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Tax Cut Deal Provides Money Pot to Tiny Group of Millionaires

Kevin Drum swatted down the complaint from defenders of the tax cut deal that Democrats got more money in real dollars for their causes than Republicans got for theirs. The difference, of course, is the number of people involved.

So that’s $125 billion for Republicans and $216 billion for Democrats (not counting the business investment stuff). Yay Democrats!

Or not. As Ezra says later, quoting a senior administration official, “Republicans were extremely eager to get benefits for the top tenth of a percent of Americans.” And when you’re dealing with such a tiny number of people, a small pot of money goes way, way further than a bigger pot divided up among the vast majority.

Over the past 30 years the wages of most Americans have grown more slowly than the rate of overall economic growth. The difference isn’t much: maybe half a percentage point or so. It’s easy not to notice, or to handwave away if you do decide to notice it. But over 30 years, that adds up to a lot of money if it all gets funneled to the top 1%. This is fundamental to understanding what’s happened to the American economy in recent decades: a little bit of money from a large number of people becomes a very large amount of money when it gets channeled into the bank accounts of a tiny number of wealthy rentiers.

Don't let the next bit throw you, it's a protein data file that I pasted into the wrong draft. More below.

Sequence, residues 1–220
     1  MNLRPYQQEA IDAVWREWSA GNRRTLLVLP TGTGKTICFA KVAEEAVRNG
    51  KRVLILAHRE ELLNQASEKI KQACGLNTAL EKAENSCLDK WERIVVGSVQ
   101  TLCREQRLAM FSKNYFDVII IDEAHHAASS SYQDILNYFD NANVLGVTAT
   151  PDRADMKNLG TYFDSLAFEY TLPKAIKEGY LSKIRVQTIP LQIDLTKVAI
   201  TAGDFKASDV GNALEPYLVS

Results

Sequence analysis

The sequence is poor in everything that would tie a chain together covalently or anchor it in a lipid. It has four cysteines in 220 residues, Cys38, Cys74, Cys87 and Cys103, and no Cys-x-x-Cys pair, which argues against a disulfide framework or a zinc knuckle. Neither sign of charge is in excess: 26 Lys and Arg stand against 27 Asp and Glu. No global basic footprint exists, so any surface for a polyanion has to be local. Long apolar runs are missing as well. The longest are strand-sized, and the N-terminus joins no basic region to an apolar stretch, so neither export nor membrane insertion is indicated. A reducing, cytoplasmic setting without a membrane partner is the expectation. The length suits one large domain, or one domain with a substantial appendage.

So is $216 billion vs. $125 billion a victory for the common man? Of course not. It means most of us get a few hundred dollars while the rich get hundreds of thousands or even millions each. The rich are willing to make that deal every day. Wouldn’t you?

Indeed, Think Progress’ report on this shows that 156 million people would split $214 billion dollars under the Democratic parts of the deal, while 4.8 million would split $133 billion under the Republican parts.

This is another point that has to be taken into account. It’s very easy to say “stimulus now!” (although I still maintain it’ll get canceled out), but if you believe that one of the biggest problems with the economy over the short and long term is the yawning inequality that cripples society, then all this deal does is stratify that even more.

UPDATE: Harold Meyerson:

The best we can say of the deal is that it largely perpetuates, and only occasionally worsens, the status quo – in particular, the three-decade status quo in which the rich get richer at ordinary Americans’ expense. Obama vowed during his news conference Tuesday to take on that status quo over the next two years, but his inability thus far to frame that debate – even though most Americans share his opposition to extending tax cuts for the rich – is maddening.

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David Dayen

David Dayen